• Roger Witherspoon

Plan: Ship nuclear waste on Hudson

By Roger Witherspoon

Download and/or Print Article



The Journal News (Westchester County, NY)

March 19, 2002 Tuesday


Federal proposal for Indian Point met by criticism


The Journal News


Highly radioactive nuclear waste would be shipped over several years from the

nuclear plants in Buchanan down the Hudson River through the Port of New York en

route to Nevada, as part of the U.S. Department of Energy's national waste-storage

plan.


The shipments are detailed in a proposal to be considered in the spring when

Congress votes on President Bush's plan to open a national repository for nuclear

waste under Nevada's Yucca Mountain in 2010. The Energy Department's

environmental impact report states that thousands of shipments of radioactive fuel

would go through 15 commercial ports during a 38-year period.


Included in the plan is spent fuel being stored at the defunct Indian Point 1 and the

1,000-megawatt reactors at Indian Point 2 and 3. The three Indian Point spent fuel

pools hold more than 1,200 tons of radioactive material.


The plan calls for loading the Indian Point fuel on 58 barges and floating it down the

Hudson River to the container shipping center at Port Elizabeth in New Jersey,

opposite the Statue of Liberty.


But the proposal raised immediate concerns from environmentalists and elected

officials.


"I am very troubled by this," said Sen. Hillary Rodham Clinton, D-N.Y. "Any plan that

involves the shipping of nuclear waste on a barge down the river past New York City

raises enormous health, environmental and security concerns."


"We should not be using our ports, which are in the most densely populated parts of

the state, as rest stops for nuclear material," said Debra DeShong, spokeswoman for

Sen. Robert Torricelli, D-N.J.


New York City Councilman Jim Gennaro, D-Queens, said, "There is no way to keep

the people of the city of New York and the metropolitan region safe from accidents or

intentional mischief that comes with the shipment of nuclear fuel."


Alex Matthiessen, director of the Garrison-based environmental group Riverkeeper,

said, "We would definitely try to block it in court. It seems like such a pie-in-the-sky

idea.


"Moving spent fuel off-site from Indian Point is a foolish idea given the terrorist

threat we face."


The river shipments are needed to handle the waste from 17 plants that are located

far from railroad lines. The ports are located on both coasts, Lake Michigan and on

three major rivers.


When waste shipments reach the ports, they would be placed on rail cars and sent to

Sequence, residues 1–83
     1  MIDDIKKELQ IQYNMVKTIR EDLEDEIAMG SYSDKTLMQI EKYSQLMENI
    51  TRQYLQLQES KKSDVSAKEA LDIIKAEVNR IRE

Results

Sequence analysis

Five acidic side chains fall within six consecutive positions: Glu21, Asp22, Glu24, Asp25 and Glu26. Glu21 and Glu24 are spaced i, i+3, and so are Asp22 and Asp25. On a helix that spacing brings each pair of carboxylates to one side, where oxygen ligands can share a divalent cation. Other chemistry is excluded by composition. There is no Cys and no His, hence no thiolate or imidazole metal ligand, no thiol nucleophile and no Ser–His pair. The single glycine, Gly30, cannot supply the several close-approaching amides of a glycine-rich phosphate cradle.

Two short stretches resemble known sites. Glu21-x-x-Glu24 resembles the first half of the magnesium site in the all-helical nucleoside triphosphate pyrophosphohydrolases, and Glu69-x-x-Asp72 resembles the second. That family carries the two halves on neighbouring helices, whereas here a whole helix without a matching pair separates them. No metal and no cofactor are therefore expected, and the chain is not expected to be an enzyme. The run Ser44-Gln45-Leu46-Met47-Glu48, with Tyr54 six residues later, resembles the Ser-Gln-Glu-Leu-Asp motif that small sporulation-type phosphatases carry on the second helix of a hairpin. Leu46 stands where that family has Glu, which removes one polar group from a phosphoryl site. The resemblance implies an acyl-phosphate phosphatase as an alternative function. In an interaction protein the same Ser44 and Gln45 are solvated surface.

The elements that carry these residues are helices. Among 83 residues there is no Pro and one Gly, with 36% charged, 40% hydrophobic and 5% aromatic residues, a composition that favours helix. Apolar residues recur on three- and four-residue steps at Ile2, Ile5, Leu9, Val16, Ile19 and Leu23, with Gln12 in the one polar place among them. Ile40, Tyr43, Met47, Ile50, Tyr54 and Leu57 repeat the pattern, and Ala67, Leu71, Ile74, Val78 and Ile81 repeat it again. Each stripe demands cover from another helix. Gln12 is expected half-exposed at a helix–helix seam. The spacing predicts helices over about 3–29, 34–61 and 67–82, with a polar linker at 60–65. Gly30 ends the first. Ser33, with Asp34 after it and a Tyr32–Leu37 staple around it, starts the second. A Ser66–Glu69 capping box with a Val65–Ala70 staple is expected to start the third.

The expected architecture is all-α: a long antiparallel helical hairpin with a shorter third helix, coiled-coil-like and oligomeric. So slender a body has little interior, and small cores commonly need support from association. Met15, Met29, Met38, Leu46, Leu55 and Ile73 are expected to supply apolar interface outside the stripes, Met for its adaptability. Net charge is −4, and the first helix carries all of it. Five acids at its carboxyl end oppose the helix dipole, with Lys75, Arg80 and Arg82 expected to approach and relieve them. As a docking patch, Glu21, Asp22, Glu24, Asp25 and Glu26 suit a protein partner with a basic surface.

Nevada. The proposal for Indian Point and the other plants without rail access would

bring 21,572 tons of nuclear waste - or 19 percent of all the commercial power plant

waste destined for Yucca Mountain - into commercial ports.


Jim Steets, spokesman for Entergy Nuclear, which owns Indian Point, said there

already are docking facilities at Indian Point 2, though it may have to be expanded

and strengthened to handle any spent fuel shipments.


He said it was premature, however, to discuss possible future shipments.


In all, there are more than 77,000 tons of nuclear waste in the storage pools of the

nation's 103 nuclear reactors. The Energy Department has considered trucking the

spent fuel to Yucca Mountain, but its preferred method is using rail cars because they

carry six times more waste than trucks and are thought to be safer.


Over 38 years, it would take 105,685 trucks to move the waste from 72 power plant

sites to Yucca Mountain. In comparison, it would take 18,243 rail cars, supplemented

by 3,122 trucks, to move the waste to Nevada. Supporters say the lead-lined,

stainless steel shipping containers, called casks, are strong enough to withstand

severe accidents and terrorist attacks.


The casks are designed to withstand, among other things, a 30-foot fall onto a hard

surface and 30 minutes' exposure to fire at 1,475 degrees. Since 1964, the industry

has had more than 3,000 shipments of used nuclear fuel without a major accident.


Environmental groups have long contended that the waste should not be moved at

all.


"What if there is an accident on the barge? What happens to Hudson River traffic

then?" asked Marilyn Elie of the Citizens Awareness Network. "I have no confidence

in moving nuclear waste. We used it here. We should be responsible for it."


Reach Roger Witherspoon at rwithers@thejournalnews.com or 914-696-8566.

Roger Witherspoon

  • Facebook
  • Twitter